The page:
Finally after an hour of sailing from Nagsasa, our boat approached the vicinity of the bone-shaped Capones Island. Everyone was excited to set feet on the shore. Our boatman then asked us if we'll still be visiting the lighthouse, we answered yes, of course. At first they were hesitant because we left Nagsasa late, but the adamant us managed to convince them in the end.
|Welcome to Capones Island|
|approaching the island|
So they asked us whether we'll trek or we'll swim.
Getting into this old lighthouse may be done in two rough ways, either you trek or you swim:
We opted the latter because we're running short of time.• Trekking will be done if your boat docks on the eastern shore of the island. It will be a 30 minutes trek on the island's grassy hills and rocky cliffs. sounds good but time consuming.
• Swimming, on the other hand, will be done if the boat stops near the southwestern shore of the island. The rocky characteristic of the western shore makes it unfavorable for the boats to dock, hence swimming must be done to reach the island. It's a short 50 meters swim but huge strong waves won't make it easy for you.
We wore life vests and pulled ourselves to the coast via the rope tied by our boatman. Most of us, including me of course, dared to bring our cameras to the island. I placed the small point and shoots inside my ziploc bag while Chino risked his large DSLR (which cannot fit in my ziploc) all the way to the shore.
At last we all made it to the island, safe and sound. The cameras were safe too, as well as the DSLR, which was half-wet along the way, (it was still working very fine).
|battling the waves|
From the rocky shore, we walked for about 5 minutes along the old stone stairs along the island's rocky coast, then on a grassy/bushy trail that led us to the gate of the old Farola (I will make a separate post about the lighthouse's history for my Farola Series).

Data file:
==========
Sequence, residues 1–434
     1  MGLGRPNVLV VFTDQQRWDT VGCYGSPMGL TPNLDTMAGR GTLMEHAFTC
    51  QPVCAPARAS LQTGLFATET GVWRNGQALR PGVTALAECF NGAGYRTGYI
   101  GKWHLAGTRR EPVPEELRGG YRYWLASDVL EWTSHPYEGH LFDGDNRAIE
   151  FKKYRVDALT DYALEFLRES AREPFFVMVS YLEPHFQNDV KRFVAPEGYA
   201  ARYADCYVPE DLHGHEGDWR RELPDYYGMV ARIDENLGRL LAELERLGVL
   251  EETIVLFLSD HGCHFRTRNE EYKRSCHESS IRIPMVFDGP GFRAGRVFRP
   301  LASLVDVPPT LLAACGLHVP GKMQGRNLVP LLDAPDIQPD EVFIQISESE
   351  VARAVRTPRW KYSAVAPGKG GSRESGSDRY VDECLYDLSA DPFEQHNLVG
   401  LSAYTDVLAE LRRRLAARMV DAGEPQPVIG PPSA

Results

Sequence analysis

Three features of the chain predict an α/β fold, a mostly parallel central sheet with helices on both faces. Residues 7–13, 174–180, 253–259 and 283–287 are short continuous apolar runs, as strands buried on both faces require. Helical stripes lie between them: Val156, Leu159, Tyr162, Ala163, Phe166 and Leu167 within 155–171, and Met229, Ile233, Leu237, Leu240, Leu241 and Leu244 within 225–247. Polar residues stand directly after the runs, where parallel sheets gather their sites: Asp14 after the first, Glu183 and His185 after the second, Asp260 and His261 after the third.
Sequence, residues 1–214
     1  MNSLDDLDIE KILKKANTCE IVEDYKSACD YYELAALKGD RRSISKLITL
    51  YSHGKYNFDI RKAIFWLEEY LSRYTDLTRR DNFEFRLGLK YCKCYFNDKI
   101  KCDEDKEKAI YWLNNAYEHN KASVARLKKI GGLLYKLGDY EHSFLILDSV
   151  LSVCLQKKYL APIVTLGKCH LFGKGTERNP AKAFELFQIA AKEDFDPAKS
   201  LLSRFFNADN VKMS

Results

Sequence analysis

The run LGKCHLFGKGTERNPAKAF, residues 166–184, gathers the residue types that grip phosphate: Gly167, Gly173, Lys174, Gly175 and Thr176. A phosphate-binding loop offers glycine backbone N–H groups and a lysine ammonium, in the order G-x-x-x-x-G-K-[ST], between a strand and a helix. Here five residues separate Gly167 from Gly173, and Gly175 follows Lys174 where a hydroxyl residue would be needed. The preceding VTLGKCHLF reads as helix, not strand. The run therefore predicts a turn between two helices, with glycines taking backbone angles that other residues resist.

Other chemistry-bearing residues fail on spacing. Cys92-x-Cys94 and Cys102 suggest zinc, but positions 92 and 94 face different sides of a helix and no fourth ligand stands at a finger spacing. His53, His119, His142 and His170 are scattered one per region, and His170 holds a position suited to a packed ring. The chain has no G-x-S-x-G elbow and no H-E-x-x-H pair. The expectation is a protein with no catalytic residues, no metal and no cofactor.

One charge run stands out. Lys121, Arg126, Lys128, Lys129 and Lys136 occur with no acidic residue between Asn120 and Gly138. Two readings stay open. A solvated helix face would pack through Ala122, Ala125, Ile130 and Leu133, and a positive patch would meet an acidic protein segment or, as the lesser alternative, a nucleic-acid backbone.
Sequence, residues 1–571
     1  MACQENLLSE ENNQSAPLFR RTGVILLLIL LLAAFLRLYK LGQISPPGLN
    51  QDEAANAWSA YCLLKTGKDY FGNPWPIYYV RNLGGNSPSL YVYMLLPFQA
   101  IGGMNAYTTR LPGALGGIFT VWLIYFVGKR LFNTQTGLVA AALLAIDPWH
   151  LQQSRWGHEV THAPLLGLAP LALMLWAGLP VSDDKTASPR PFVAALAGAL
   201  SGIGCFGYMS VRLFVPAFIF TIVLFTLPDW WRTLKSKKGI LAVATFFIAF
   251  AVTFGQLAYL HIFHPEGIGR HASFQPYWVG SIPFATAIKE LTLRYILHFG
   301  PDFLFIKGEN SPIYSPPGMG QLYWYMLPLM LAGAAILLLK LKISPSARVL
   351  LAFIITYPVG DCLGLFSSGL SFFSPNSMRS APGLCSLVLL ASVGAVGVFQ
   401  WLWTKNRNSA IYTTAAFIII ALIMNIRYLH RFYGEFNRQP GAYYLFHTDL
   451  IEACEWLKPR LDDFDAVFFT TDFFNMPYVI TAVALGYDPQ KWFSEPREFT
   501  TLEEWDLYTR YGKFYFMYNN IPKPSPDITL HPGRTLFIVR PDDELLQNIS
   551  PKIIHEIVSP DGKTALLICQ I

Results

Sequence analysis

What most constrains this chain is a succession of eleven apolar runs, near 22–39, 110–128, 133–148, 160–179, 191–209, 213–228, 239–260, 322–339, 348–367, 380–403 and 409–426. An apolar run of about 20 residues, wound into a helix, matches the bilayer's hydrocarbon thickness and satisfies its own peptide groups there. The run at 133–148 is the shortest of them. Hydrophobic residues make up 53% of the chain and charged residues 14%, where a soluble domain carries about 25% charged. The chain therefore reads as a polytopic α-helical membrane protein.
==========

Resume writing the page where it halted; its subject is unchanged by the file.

|excited to visit the lighthouse|
|tumayo balahibo ko at first sight|
|only the lantern of the farola is being maintained by the Philippine Coast Guard|
|the rest are left to rot|
|though old and in ruins, Faro de Punta Capones still has an enchanting beauty|
|Back side of the Capones Lighthouse|
|this is the coast where the boats are stopping and where the swimming will begin|
|on the beach seen on the middle of the photo is where the boats will dock and the 30 minutes trek will begin|
|the farola is situated on an elevated part of the island.|
|the lantern is powered by these solar panels|
|one person at a time, medyo shaky yung karag-karag na spiral staircase|
|the original lantern was dismantled and was replaced by this one.|
|top view of the Farola Compound|
|Batang Lawatsero conquered his 3rd Spanish Lighthouse. Photo by Joan|
As soon as we're satisfied with Capones Island, we went back to our boat and battled again the strong waves.
It was past 3 pm when we got back to Pundaquit Beach.
3 in 1 Lakwatsa sa Ikalawang Dekada turned out to be successful and memorable trip. It is so far my best birthday celebration, thanks again to my ka-lakwatsas.
We settled everything with Mang Mike as we reached the Pundaquit Beach. I highly recommend his service, reach him through these numbers: 09283405136 and/or 09277801312.
After a little trouble on the road, we came back to Manila safe and sound.
Viaje Zambales: Mt. Pundaquit-Nagsasa-Capones
Mt. Pundaquit Traverse to Anawangin
Nagsasa Cove Camping
Capones Island Advenure
Itinerary | Mt. Pundaquit-Nagsasa-Capones